“Think about it,” said Amy. “Not all metrics are equally important. As we gather data, some will be weighted more than others. Some will matter more than others. For instance, looking at Level Two, Learner Reaction, you might care a lot more about whether someone recommends this learning experience than how much it kept their attention.”
“Makes sense,” said Kathryn pausing for a moment. “That isn’t actually the hard part of this, is it?”
“It can be,” replied Amy. “Especially as you expand the number of people who get to decide which metrics are more important and which might be less important.”
“Sorry,” said Kathryn, “that’s not what I meant. What causes me a little heartburn is how we are going to collect the data. Where it will come from. I don’t have visibility into some of the metrics we will need from other departments, and I wonder how willing they will be to share it with me.”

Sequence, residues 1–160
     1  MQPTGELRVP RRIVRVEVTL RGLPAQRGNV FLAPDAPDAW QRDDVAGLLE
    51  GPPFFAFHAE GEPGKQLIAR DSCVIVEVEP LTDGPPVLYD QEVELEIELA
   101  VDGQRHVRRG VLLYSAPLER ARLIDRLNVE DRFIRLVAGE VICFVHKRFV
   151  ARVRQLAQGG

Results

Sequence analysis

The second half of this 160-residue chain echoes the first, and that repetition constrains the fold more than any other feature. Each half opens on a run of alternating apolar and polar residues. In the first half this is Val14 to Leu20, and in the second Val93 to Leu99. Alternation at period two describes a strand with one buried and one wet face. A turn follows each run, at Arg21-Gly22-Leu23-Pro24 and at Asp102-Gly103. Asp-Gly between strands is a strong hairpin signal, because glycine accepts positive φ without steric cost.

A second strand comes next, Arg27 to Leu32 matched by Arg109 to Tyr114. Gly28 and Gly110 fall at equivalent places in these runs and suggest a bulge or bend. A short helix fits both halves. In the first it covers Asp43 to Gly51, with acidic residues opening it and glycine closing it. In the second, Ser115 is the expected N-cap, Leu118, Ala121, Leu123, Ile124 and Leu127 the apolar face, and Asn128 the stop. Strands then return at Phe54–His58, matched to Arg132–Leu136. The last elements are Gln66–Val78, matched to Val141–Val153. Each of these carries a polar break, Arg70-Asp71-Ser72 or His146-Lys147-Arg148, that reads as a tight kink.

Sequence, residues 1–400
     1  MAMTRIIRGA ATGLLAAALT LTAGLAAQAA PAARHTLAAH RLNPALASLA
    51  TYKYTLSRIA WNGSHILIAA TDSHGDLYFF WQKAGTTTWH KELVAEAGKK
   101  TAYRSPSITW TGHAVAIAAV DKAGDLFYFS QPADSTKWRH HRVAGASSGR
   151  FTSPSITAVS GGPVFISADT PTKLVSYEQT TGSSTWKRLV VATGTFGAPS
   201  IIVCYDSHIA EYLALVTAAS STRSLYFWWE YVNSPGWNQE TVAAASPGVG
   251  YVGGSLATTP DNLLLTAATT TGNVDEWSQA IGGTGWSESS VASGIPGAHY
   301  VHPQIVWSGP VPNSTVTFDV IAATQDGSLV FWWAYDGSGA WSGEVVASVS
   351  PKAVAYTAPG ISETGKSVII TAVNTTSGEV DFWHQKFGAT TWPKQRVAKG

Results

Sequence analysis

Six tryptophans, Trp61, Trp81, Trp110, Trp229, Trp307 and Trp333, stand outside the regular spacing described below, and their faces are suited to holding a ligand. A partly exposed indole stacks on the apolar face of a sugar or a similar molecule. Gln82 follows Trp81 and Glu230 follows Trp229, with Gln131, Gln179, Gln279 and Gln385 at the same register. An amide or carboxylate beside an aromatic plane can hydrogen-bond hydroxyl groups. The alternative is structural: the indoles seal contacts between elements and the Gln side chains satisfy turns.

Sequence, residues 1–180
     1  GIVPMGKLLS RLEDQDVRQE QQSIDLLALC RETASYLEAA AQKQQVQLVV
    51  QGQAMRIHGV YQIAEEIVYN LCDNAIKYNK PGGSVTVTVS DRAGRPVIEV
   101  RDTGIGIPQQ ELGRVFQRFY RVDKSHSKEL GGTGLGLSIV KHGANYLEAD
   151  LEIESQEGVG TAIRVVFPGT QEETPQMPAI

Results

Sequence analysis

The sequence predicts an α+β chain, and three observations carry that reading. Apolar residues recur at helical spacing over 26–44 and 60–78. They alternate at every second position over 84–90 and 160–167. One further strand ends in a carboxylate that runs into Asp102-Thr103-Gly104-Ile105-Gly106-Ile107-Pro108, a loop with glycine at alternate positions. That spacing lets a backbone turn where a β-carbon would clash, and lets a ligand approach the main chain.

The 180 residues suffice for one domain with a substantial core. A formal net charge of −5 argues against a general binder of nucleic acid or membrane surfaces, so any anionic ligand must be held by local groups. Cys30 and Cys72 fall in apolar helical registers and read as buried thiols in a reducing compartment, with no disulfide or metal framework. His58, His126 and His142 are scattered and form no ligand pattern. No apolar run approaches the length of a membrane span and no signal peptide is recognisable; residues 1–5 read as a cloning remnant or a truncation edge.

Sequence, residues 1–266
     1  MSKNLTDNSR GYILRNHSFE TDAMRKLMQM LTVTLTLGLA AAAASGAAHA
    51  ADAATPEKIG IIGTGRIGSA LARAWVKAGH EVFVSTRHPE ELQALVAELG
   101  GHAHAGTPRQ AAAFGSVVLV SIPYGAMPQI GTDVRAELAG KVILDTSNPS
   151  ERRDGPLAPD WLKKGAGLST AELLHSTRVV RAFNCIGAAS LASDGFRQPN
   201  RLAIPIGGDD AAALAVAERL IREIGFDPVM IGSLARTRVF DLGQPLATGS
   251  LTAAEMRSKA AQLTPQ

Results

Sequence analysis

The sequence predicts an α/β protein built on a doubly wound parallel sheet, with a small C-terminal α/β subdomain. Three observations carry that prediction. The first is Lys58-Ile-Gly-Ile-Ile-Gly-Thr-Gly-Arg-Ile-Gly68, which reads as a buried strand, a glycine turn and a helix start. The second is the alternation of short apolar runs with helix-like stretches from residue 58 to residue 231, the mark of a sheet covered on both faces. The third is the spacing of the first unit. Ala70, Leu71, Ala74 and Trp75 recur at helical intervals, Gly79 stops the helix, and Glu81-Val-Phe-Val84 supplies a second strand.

ROI Scores For Learning Experiences
“That has been a problem in a few of the companies I’ve helped,” said Amy. “The solution is usually to show the finance team that you want to report a clear and concise ROI score for each learning experience, but you don’t have the data you need to provide it. That usually opens all sorts of doors.”
“Our CFO Kurtis already told me he would help in any way possible,” said Kathryn. “I’m sure he can get this done for us.”
“Ok,” said Amy. “That’s good to know. Let’s dive into the question of how we will collect the data for the metrics we have determined we need.”
“Looking at this,” said Kathryn, “it seems like getting data for Level Two and Three will be relatively easy. That can come straight from our Learning Management System. Our LMS does a good job of reporting Learner Reaction and Learning Outcomes.”
“All LMSs do that,” said Amy. “The strange part is that learning leaders usually spend very little time actually examining it to see the trends and where they might improve.”
“I am guilty of that,” said Kathryn. “Our team usually moves on to the next thing without looking carefully at what we could be learning.”